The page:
The number of people graduating with nuclear engineering degrees has more than tripled since 2001. Many say they are motivated by climate change.
(Image credit: Jeff Brady/NPR)
There is political ammunition both for Republicans and Democrats in the massive opus, but the report isn't an ending — it's only an inflection point in a broader saga.
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The photographer and folklorist documented a caravan of mule-driven wagons that left Mississippi to march on Washington 50 years ago to draw attention to poverty.
(Image credit: Courtesy of Roland Freeman)
The immigrants were brought into the military — which offers a track to citizenship — because they provide hard-to-find skills and languages. A slow-moving vetting program had put their visas at risk.
(Image credit: Courtesy of Margaret Stock)
Two riders fell 34 feet to the ground, while others were stranded in a dangling roller coaster car. Six people have been taken to the hospital, according to the Daytona Beach Fire Department.
(Image credit: Daytona Beach Fire Department)
The late scientist's voice will be "beamed toward the nearest black hole," his daughter tells the British press. Hawking is being interred at Westminster Abbey on Friday.
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Canadian clarinetist Eric Abramovitz was accepted into a prestigious conservatory — but, a court found, his girlfriend at the time deleted the acceptance email and sent him a fake rejection.
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Venture Beat: “Distributed denial of service attacks. Malware. State-imposed internet blackouts. It’s hard to keep abreast of every bad actor and natural disaster impacting the internet, but Oracle is making it a bit easier with the launch of Oracle Cloud Infrastructure’s Internet Intelligence Map, a real-time graphical representation of service interruptions and emerging threats. It’s now available for free…”
NiemanLab: “…People are becoming disenchanted with Facebook for news. The “Trump bump” appears to be sustaining itself. And younger people are more likely to donate money to a news organization than older people. These are some of the findings from a big new report out Thursday from Oxford’s Reuters Institute for the Study of Journalism. The Reuters Institute’s Digital News Report for 2018 surveyed more than 74,000 people in 37 countries about their digital news consumption. (Included in the report for the first time this year: Bulgaria.) The research is based on online YouGov surveys earlier this year, followed by face-to-face focus groups in the U.S., U.K., Germany, and Brazil on the topics of social media and messaging apps. The report includes a number of findings on fake news, misinformation, and trust in the media; for more on those topics, see this piece by the report’s authors, and I’ll also include some more info in Friday’s fake news column…”
Politico: “…Under the Presidential Records Act, the White House must preserve all memos, letters, emails and papers that the president touches, sending them to the National Archives for safekeeping as historical records. But White House aides realized early on that they were unable to stop Trump from ripping up paper after he was done with it and throwing it in the trash or on the floor, according to people familiar with the practice. Instead, they chose to clean it up for him, in order to make sure that the president wasn’t violating the law. Staffers had the fragments of paper collected from the Oval Office as well as the private residence and send it over to records management across the street from the White House for [records management analyst Solomon] Lartey and his colleagues to reassemble.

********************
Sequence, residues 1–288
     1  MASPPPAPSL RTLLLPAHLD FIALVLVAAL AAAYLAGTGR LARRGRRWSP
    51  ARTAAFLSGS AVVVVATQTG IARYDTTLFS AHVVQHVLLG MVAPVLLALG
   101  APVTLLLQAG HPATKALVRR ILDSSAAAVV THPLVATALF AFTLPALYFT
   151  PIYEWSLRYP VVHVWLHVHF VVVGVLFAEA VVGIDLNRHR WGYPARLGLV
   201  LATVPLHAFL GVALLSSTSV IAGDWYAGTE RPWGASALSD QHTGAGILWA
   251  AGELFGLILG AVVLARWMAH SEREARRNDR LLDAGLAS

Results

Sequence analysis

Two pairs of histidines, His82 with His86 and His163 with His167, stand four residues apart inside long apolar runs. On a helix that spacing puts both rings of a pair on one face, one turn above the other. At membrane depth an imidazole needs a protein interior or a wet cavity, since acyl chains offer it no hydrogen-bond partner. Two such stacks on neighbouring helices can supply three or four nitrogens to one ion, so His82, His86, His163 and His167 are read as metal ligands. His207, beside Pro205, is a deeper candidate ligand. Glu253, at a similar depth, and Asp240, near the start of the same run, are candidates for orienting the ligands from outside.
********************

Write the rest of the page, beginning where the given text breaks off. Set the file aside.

“We got Scotch tape, the clear kind,” Lartey recalled in an interview. “You found pieces and taped them back together and then you gave it back to the supervisor.” The restored papers would then be sent to the National Archives to be properly filed away….“I had a letter from Schumer — he tore it up,” he said. “It was the craziest thing ever. He ripped papers into tiny pieces.”
The lawsuit alleges the company fulfilled orders "for such large quantities of prescription narcotic pain medication that there could be no associated legitimate medical purpose for their use."
(Image credit: Charles Krupa/AP)
Reacting to criticism from mainstream religious groups, the attorney general said the administration will continue to separate immigrant children from their parents.
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So far, the fighting has stayed in Hodeidah's outskirts. But the relative calm isn't likely to last — and aid groups are desperately calling for its port to stay open for a country already in crisis.
(Image credit: Nabil Hassan/AFP/Getty Images)
The U.S. and North Korean accounts of the summit show two sides that seem as far apart as ever. In fact, the accounts seem to be about different meetings, writes nonproliferation expert Jeffrey Lewis.
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Some drops in prison populations were offset by increases at local jails, especially in rural areas.
Casa Padre is a former Walmart Super Center converted into living, recreation and dining quarters for 1,469 immigrant boys ages 10 to 17.
(Image credit: Department of Health and Human Services)